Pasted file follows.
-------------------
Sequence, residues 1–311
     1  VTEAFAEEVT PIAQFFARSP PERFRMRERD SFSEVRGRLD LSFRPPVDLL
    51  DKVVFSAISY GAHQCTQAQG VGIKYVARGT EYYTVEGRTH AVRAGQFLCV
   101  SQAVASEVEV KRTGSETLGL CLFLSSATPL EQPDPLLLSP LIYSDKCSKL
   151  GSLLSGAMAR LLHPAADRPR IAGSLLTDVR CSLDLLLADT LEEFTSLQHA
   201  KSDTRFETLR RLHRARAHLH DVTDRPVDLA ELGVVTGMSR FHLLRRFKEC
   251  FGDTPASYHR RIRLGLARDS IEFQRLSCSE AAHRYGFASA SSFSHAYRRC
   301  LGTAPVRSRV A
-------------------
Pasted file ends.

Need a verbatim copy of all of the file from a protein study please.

Sequence, residues 1–311
     1  VTEAFAEEVT PIAQFFARSP PERFRMRERD SFSEVRGRLD LSFRPPVDLL
    51  DKVVFSAISY GAHQCTQAQG VGIKYVARGT EYYTVEGRTH AVRAGQFLCV
   101  SQAVASEVEV KRTGSETLGL CLFLSSATPL EQPDPLLLSP LIYSDKCSKL
   151  GSLLSGAMAR LLHPAADRPR IAGSLLTDVR CSLDLLLADT LEEFTSLQHA
   201  KSDTRFETLR RLHRARAHLH DVTDRPVDLA ELGVVTGMSR FHLLRRFKEC
   251  FGDTPASYHR RIRLGLARDS IEFQRLSCSE AAHRYGFASA SSFSHAYRRC
   301  LGTAPVRSRV A